The Italian frottola emerged in the 14th century as a satiric, rambling verse form utilizing irregular meters and stanzas, reflecting the fact that the subject matter was usually unconnected, bizarre and sometimes senseless. They could be composed of couplets of unrhymed pentameter, heptameter or hendecasyllabic lines with internal rhyme (though some experts also believe there were blank form frottola).  In the 15th century the form became known as the frottola-barzelleta where it became a sub-species of canto carnascialesco (carnival song), set to music, following the structure of the balata grande and being octosyllabic. At the beginning of the 14th century it was used for moral instruction, but by the end of that century it had assumed artistic proportions with moral, political or satirical themes. It also made use of proverbs and witty instructional content (didacticism).

Thursday, March 24, 2016

“I find that”

By THLaird Colyne Stewart

I find that if I whine and curse
The world around me just gets worse
However if I try to change
The world around me just gets strange.

Written using the 16th century Spanish form called the folía (a 4-line stanza). The folía was a variation of the seguidilla. It is likely related to a Portuguese dance-song form which normally expressed a nonsensical or ridiculous thought. The lines may be octosyllabic or shorter. If the lines are not of equal length then the even numbered lines are generally shorter and very often oxytonic.

Wednesday, March 23, 2016

A poem is more than words on page

By THLaird Colyne Stewart, March AS 50 (2016)

A poem is more than words on page—
They are our souls laid bare to see
A glimpse of joy, of pain, of rage,
A poem is more than words on page—
They teach us words of knowing sage
And ask us all to better be;
A poem is more than words on page—
They are our souls laid bare to see.

Written as a triolet which was a stanza poem of 8-lines, written in iambic tetrameter and rhyming ABaAabAB. The first, fourth and seventh lines are identical, as are the second and final lines (thus making the initial and final couplets identical as well). The triolet is related to the rondeau.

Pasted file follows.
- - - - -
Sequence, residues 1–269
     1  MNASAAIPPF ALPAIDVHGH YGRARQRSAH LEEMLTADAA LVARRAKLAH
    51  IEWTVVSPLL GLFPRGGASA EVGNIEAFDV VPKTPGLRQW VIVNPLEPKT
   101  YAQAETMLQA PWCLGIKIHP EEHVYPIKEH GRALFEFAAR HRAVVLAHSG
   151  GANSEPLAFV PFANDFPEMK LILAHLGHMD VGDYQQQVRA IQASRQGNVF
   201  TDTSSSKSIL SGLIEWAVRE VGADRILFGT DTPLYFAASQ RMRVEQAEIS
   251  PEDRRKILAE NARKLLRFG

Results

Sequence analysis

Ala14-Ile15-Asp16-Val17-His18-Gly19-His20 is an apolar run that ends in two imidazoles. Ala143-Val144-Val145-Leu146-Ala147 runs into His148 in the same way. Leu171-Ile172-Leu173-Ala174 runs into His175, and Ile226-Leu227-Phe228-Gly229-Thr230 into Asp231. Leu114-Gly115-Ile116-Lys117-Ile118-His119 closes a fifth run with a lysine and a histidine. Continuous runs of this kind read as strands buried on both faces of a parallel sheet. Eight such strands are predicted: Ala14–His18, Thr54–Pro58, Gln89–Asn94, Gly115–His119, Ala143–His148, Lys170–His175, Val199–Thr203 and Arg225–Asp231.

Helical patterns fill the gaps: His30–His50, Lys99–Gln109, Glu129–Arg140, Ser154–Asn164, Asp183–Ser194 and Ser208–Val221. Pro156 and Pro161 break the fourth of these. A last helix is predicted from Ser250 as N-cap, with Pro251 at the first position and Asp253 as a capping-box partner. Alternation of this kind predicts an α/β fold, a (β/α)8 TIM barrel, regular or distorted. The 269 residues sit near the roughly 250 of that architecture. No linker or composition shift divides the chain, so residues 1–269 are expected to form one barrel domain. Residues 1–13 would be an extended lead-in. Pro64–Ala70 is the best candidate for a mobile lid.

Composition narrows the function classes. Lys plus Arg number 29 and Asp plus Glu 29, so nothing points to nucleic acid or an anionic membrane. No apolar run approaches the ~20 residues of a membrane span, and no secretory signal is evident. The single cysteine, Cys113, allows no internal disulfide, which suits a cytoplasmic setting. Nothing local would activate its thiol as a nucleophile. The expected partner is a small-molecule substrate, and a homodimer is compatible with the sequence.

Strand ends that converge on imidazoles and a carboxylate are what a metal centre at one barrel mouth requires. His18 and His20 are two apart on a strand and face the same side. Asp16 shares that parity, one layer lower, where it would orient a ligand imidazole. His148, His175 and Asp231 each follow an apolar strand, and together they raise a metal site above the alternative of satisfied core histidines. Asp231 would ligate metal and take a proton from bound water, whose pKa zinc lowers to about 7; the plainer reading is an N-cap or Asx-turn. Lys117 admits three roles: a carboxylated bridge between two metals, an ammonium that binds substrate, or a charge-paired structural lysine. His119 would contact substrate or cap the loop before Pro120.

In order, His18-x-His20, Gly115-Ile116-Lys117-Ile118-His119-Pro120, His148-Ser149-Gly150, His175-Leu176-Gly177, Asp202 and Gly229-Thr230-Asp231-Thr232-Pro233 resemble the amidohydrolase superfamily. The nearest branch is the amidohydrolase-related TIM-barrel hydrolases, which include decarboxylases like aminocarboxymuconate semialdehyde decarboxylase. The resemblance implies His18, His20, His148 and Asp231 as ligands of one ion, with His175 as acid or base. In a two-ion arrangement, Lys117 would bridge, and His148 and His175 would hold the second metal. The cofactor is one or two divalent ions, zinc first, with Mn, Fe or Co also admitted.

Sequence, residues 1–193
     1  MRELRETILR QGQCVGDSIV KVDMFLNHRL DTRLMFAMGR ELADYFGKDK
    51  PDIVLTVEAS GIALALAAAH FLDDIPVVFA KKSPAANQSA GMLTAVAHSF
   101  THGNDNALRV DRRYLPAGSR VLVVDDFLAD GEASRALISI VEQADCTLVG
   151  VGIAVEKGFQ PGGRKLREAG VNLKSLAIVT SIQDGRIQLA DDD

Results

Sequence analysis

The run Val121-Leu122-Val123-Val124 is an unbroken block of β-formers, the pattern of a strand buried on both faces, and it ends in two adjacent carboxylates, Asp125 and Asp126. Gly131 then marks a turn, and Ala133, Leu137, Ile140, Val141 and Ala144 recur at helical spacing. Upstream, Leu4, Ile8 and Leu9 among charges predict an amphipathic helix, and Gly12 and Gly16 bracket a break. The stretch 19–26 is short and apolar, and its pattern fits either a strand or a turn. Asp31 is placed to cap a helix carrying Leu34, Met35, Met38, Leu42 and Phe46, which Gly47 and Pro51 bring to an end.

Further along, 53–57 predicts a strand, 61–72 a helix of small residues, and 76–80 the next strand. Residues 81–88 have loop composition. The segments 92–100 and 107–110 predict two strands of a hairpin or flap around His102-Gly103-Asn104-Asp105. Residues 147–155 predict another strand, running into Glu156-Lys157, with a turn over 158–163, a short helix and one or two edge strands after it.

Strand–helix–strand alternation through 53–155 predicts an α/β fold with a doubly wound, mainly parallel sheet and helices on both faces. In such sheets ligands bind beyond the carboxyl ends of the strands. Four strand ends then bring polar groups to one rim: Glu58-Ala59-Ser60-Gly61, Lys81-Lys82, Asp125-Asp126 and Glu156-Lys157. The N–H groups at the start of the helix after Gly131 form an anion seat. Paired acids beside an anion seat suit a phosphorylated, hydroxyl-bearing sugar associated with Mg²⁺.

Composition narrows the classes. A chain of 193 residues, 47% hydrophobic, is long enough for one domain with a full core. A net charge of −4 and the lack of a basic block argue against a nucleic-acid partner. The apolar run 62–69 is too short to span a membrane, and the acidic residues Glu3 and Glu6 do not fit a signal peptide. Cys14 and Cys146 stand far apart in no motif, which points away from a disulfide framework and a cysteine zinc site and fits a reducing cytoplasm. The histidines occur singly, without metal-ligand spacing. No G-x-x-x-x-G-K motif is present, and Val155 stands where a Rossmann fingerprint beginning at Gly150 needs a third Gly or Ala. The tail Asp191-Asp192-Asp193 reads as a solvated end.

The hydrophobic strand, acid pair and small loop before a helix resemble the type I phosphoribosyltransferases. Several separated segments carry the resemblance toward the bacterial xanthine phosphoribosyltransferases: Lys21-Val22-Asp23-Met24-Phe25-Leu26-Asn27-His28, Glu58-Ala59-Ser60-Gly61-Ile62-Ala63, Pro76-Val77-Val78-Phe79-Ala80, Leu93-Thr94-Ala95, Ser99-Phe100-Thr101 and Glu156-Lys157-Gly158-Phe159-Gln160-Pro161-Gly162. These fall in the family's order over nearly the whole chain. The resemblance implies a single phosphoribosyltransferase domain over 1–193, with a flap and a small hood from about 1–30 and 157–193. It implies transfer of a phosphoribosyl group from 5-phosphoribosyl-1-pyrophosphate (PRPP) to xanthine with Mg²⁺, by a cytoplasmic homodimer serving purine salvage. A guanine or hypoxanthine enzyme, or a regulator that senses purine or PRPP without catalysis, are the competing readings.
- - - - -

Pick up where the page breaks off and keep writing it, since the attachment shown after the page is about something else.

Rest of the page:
A wolf runs free

By THLaird Colyne Stewart, March AS 50 (2016)

A northern wolf runs where it will,
The wolf runs free, the wolf runs wild,
It lopes past tree and up high hill,
And fights whenever it is riled.
A wolf will not be caged or held
As by the moon it is compelled

And like the wolf the people are
So fierce and proud, so bold and preaux,
From Ealdormere we travel far
And walk the lands our elders knew.
No bended knee, no kneelers we,
The northern wolf is always free.

Written using the Venus and Adonis stanza form. This stanza form, invented by Shakespeare, used six lines written in iambic pentameter and rhymed ababcc. The form takes its name from the poem where Shakespeare introduced it, Venus and Adonis (1593).

Thursday, March 17, 2016

Kingdom Barding

By THLaird Colyne Stewart, March AS 50 (2016)

What noble steeds are these here,
draped in crimson and clad in trillium flowers?
From northern lands they endear
and show our majestic powers
draped in crimson and clad in trillium flowers.

Written to commemorate the kingdom barding used by TRH’s Nigel and Adrielle at Gulf Wars 2016. Written as a lira which was a shortened variation of the canción and was invented by Garcilaso de la Vega (c. 1501 – 1536). The most popular form of the lira is a quintain stanza where the second line repeats in line five and has a rhyme scheme of aBabB. The lines had either seven or eleven syllables.